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Heart attack.

Those are two of the most dreaded words in the English language. After the moment, after the hospital trip and the frantic calls to family cellphones,  its horror is a reality check for many. What do I change now? How can this never happen again?

The traditional track to cardiac rehabilitation goes like so: Patient gets discharged. Patient goes home with a stack full of instructions, books, and scary warnings. Don’t do this. Stop doing this. Change your life. Change your diet. Schedule 3 followup appointments every week for 3 months.

The model works, says Wellframe CEO Jacob Sattelmair. We know it works. We know that some lifestyle behaviors we can prevent 80% of cardiac disease, for example. And we know that followup care is key, but seeing a clinician in person 3 times a week requires taking off work, paying a copay – sometimes $50 or more plus finding childcare and paying parking. It’s simply too costly for many patients to follow up.

Sattelmair, an epidemiologist by training, became frustrated with the disconnect between the care model and the behavior of patients. “There’s this gap between the scientific & medical community & what people do in the real world.”  Jacob collected a few friends – UK primary care MD Tristan Ranch, MIT-trained computer scientists Vinnie Ramesh and Archit Bhise – and began work on Wellframe. Their vision was to turn static documents into a “GPS navigation system for health, especially for patients with chronic disease.”

“It all seems like giving people directions, or a map, ” Sattelmair says.” We thought there was an opportunity to combine clinical expertise and data to give a patient more adjustable guidance.” In other words, instead of giving you, the patient, a stack of documents, your device could provide personalized guidance through cardiac rehabilitation, including daily task lists, tracking physical activity, and messaging between you and your clinician. All the educational materials would be distilled into bite-size chunks of content, making it easier for you to absorb. It would remind you to take your meds. And it would work on any device – an Android phone, an iPhone, your laptop, or your home PC.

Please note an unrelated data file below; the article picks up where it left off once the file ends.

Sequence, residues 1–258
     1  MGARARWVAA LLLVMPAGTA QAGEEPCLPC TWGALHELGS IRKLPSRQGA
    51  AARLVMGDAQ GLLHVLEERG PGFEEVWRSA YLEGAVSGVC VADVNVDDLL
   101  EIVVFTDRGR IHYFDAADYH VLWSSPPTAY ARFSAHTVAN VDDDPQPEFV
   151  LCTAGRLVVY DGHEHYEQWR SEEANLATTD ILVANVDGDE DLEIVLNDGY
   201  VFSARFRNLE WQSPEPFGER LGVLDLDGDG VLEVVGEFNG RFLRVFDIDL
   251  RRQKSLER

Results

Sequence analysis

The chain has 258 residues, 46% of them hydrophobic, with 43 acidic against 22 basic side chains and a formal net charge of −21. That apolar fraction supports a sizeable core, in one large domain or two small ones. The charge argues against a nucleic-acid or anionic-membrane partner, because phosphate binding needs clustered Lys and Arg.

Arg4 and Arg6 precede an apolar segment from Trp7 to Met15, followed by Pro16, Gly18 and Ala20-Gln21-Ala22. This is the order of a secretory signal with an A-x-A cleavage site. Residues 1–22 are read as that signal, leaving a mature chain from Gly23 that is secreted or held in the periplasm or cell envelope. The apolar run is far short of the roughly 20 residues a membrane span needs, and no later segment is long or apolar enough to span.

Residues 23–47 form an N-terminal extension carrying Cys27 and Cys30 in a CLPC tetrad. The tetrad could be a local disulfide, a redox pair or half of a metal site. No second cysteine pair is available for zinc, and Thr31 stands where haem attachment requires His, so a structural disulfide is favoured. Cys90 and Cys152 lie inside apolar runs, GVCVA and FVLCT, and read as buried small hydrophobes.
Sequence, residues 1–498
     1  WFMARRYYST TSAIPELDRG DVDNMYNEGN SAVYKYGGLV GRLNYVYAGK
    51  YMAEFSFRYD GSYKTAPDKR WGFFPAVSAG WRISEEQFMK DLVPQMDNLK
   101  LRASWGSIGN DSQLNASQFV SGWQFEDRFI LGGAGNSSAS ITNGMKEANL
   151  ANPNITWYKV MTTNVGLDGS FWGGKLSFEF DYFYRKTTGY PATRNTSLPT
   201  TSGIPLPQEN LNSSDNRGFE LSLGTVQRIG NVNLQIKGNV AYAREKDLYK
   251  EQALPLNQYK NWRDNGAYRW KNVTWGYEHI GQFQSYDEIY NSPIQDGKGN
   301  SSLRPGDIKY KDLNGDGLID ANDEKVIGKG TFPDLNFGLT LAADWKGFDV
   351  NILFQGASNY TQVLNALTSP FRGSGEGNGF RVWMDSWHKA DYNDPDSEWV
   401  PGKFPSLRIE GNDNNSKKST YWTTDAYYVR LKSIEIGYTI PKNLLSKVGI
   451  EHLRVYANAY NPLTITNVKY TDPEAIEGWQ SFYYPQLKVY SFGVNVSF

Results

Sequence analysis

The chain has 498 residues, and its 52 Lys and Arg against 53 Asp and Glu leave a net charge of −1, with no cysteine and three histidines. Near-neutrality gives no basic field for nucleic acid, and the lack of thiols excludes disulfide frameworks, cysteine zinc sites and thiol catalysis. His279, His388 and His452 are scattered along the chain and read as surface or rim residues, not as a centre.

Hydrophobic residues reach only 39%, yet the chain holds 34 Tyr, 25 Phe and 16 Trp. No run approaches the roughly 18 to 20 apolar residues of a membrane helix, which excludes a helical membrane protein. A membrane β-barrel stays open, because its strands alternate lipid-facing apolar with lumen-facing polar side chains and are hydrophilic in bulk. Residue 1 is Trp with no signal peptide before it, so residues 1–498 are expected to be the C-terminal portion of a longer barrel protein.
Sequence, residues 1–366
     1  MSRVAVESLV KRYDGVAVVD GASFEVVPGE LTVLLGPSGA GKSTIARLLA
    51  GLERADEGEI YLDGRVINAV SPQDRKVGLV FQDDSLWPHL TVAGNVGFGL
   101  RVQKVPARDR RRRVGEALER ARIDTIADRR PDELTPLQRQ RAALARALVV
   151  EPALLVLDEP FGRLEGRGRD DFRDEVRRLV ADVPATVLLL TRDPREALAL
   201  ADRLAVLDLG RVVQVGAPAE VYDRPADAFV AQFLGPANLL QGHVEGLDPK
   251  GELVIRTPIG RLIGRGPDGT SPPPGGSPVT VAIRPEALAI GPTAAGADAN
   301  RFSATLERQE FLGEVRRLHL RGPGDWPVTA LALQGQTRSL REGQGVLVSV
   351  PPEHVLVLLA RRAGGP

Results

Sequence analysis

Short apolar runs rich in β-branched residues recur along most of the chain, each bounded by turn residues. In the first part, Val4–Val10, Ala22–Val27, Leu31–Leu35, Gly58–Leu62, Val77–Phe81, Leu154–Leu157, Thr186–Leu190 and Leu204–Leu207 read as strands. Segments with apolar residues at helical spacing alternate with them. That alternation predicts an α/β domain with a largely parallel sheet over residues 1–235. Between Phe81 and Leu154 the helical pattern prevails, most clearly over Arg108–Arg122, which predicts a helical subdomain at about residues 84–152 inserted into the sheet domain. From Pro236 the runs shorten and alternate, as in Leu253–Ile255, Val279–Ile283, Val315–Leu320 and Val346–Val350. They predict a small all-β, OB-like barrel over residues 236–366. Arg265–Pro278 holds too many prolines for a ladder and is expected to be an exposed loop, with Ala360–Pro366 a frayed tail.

In short, it would enable fewer clinic visits and a better ongoing rehabilitation experience, one that patients might actually use. Sattelmair is quick to note that Wellframe isn’t trying to replace your doctor or your nurse. “We are not trying to replace human care; we’re just trying to engage patients more often and more continuously.” You might come to the clinic once, do a stress test and get cleared, talk to a nurse manager and set up a personalized care plan, but the next few weeks you’re at home, or back at your job, able to keep up your care via Wellframe’s platform.

Sattelmair and the Wellframe team knew that adoption of their product depends on a great user experience – especially for older cardiac patients who may not be as comfortable with a smartphone as your typical 30-year-old. “We knew if the technology was complicated and caused anxiety, that would be a barrier, ” Sattelmair says.

Right now, the Wellframe team is enrolling clinics and hospitals interested in testing the platform for cardiac care. If it works, they may be able to apply the model to other chronic diseases. Providers love having an avenue for more frequent interactions with their patients, and patients love having fewer clinic visits and less money spent on copays.

AARP is proud to sponsor Wellframe’s pitch to the DEMO mobile audience on Wednesday, April 17. (DEMO, as their website states, focuses on funding emerging technologies and new product innovations.)

 

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